What's in a Good Error Message? - Gunnar Morling

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2022-01-12 21:00:06

As software developers, we’ve all come across those annoying, not-so-useful error messages when using some library or framework: "Couldn’t parse config file", "Lacking permission for this operation", etc. Ok, ok, so something went wrong apparently; but what exactly? What config file? Which permissions? And what should you do about it? Error messages lacking this kind of information quickly create a feeling of frustration and helplessness.

So what makes a good error message then? To me, it boils down to three pieces of information which should be conveyed by an error message:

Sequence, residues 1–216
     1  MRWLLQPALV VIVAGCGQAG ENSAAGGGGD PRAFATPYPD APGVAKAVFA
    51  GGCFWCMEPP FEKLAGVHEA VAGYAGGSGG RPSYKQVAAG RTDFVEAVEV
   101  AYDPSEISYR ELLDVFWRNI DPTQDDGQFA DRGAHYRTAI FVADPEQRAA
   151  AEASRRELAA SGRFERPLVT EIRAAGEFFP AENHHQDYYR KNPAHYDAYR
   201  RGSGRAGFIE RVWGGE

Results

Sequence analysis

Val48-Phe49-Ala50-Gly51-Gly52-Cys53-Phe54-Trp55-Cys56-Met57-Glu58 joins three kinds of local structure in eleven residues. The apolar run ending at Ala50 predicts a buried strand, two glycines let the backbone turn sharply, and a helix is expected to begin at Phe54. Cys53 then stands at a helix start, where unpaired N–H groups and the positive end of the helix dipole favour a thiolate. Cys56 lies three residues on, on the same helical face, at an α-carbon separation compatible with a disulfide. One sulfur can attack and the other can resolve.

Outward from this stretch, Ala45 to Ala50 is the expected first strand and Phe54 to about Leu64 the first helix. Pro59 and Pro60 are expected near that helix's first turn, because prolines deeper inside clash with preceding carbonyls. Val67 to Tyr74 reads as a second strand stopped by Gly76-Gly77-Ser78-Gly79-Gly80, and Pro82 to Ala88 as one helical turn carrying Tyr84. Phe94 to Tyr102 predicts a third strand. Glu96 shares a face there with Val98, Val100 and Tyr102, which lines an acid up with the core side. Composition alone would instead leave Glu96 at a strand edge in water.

Let’s dive into these individidual aspects a bit. Before we start, let me clarify that this is about error messages created by library or framework code, for instance in form of an exception message, or in form of a message written to some log file. This means the consumers of these error messages will typically be either other software developers (encountering errors raised by 3rd party dependencies during application development), or ops folks (encountering errors while running an application).

That’s in contrast to user-facing error messages, for which other guidance and rules should be applied. For instance, you typically should not expose any implementation details in a user-facing message, whereas that’s not that much of a concern — or on the contrary, it can even be desirable — for the kind of error messages discussed here.

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